Between 2030 and 2050, climate change could cause an additional 250,000 deaths, according to forecasts of the World Health Organization (WHO). These deaths will be caused by different causes. Heat exposure of older people, diarrhea, malaria or malnutrition of children and vulnerable people

Like any phenomenon of slow disaster there is not a single cause that leads to a consequence. This is a set of events “, may affect human health, said Dr. Patrice Halimi, Secretary General of the Environment Health Association France, the Tribune de Genève. For example, this is not the global warming that directly causes an epidemic, but the weather conditions become favorable to its spread. Additionally, the exact share of global warming is now difficult to determine.

The direct and indirect damage of climate change will also have economic consequences, between two and four billion dollars a year by 2030 , according to WHO calculations.

Excess mortality and spread of diseases

The scorching temperatures cause death from cardiovascular or respiratory diseases among the most vulnerable people in particular. These heat waves have always existed but are becoming more frequent and intense. The sun and UV exposure also cause more skin problems, which may result in skin cancer.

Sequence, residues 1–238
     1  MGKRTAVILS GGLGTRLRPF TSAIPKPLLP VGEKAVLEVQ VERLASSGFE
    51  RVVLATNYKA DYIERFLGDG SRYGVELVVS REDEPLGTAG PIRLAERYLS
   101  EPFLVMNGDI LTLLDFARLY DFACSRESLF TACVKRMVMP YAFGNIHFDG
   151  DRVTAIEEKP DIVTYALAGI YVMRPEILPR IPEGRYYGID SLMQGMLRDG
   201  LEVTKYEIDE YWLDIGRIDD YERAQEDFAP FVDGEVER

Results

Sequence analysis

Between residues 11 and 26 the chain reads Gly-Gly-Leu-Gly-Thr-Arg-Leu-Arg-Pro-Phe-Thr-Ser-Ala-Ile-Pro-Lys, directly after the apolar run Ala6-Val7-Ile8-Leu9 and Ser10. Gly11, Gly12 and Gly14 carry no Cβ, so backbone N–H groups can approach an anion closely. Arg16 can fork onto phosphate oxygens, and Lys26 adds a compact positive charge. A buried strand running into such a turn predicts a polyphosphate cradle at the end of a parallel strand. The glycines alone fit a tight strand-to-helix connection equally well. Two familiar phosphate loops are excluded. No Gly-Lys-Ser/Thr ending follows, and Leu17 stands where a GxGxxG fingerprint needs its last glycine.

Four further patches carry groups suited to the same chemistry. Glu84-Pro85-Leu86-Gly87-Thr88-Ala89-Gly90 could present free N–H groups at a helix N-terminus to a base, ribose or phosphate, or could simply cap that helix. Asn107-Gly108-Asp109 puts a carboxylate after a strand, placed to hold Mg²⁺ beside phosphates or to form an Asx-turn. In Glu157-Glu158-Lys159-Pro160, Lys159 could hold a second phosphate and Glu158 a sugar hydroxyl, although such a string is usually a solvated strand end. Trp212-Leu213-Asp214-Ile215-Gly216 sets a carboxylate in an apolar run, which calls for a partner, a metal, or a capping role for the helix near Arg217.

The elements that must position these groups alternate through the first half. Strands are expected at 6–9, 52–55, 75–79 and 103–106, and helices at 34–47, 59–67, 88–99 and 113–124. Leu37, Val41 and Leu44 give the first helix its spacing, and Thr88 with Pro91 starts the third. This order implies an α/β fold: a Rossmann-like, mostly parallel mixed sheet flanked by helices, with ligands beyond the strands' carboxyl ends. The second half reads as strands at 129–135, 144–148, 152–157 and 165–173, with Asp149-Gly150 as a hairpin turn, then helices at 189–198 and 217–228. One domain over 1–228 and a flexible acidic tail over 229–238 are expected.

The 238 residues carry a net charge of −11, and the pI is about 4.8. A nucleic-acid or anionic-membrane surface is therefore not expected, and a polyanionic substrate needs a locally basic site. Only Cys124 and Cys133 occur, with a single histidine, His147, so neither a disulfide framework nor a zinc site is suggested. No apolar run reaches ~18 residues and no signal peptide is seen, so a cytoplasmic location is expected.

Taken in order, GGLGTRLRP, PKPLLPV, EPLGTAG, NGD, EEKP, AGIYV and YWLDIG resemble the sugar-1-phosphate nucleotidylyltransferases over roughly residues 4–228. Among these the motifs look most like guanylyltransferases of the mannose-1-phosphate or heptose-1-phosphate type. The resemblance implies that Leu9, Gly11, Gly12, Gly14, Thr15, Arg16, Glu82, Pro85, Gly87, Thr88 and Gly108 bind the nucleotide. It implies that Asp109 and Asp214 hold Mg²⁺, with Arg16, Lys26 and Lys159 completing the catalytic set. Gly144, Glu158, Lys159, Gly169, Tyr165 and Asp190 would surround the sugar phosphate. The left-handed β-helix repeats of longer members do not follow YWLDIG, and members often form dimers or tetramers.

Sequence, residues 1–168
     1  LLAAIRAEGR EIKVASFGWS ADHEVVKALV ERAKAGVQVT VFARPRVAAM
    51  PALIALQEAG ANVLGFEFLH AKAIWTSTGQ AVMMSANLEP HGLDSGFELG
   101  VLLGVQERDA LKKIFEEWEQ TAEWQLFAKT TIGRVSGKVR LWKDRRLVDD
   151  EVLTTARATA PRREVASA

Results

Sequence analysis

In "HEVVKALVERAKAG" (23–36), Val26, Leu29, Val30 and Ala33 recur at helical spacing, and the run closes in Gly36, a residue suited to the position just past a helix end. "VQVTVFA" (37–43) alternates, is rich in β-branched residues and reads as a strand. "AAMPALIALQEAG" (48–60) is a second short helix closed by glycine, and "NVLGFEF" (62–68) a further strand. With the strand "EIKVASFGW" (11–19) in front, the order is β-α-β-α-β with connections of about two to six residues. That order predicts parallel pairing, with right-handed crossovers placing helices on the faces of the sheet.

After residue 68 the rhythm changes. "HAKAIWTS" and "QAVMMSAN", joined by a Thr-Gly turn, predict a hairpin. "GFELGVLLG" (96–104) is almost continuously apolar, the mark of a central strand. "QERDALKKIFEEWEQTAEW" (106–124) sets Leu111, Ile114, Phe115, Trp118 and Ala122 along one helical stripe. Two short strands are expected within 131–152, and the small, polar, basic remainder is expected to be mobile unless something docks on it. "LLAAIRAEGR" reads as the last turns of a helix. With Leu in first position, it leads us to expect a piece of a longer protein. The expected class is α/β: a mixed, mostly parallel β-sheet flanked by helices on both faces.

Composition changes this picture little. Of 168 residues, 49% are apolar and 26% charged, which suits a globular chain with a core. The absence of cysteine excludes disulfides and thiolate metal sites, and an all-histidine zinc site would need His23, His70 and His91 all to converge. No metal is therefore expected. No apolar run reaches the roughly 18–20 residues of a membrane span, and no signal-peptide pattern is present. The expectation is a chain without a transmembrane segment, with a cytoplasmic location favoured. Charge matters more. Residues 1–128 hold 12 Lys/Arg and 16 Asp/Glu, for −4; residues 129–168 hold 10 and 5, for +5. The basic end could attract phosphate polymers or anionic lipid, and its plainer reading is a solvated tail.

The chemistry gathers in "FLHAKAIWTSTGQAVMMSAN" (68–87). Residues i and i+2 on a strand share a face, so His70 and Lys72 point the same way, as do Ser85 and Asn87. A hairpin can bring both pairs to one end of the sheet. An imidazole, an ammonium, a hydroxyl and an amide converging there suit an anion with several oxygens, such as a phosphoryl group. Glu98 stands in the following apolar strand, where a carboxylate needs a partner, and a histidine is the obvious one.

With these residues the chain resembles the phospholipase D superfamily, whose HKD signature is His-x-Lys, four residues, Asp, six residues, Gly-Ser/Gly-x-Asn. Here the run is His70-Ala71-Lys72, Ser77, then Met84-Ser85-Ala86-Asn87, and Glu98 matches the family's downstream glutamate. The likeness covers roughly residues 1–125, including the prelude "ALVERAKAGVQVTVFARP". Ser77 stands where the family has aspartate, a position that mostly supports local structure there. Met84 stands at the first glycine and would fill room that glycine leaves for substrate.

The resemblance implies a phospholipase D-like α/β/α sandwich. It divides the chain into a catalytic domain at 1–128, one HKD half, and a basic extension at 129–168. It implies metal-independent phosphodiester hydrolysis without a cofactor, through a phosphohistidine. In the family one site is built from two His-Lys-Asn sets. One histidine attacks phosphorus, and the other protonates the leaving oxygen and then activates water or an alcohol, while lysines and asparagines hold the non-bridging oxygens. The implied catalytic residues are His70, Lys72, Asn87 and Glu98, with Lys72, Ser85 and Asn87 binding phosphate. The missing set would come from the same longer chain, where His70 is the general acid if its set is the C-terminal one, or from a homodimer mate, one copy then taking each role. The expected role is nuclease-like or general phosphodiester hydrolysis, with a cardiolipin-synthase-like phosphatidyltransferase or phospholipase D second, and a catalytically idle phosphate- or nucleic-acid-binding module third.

Climate change also contributes to more natural disasters, such as floods and hurricanes. “ Every year, these disasters have caused more than 60,000 deaths, mainly in developing countries ,” said the World Health Organisation.

The climate also has a great influence on malaria, which kills over 800,000 people per year according to WHO figures. In fact, mosquitoes are highly sensitive to weather conditions. “ Warming favors the spread of infectious diseases that depend on vectors such as mosquitoes ” says Dr. Halimi. In addition, climate change is likely to contribute to lengthen the transmission season of vector-borne diseases. This may also have an impact on the geographical distribution of these diseases.

It is also the source of increased concentrations of ozone, which affects people who suffer from chronic respiratory diseases, such as asthma. This also increases pollution from fine particles, which can cause lung cancer or cardiovascular disease.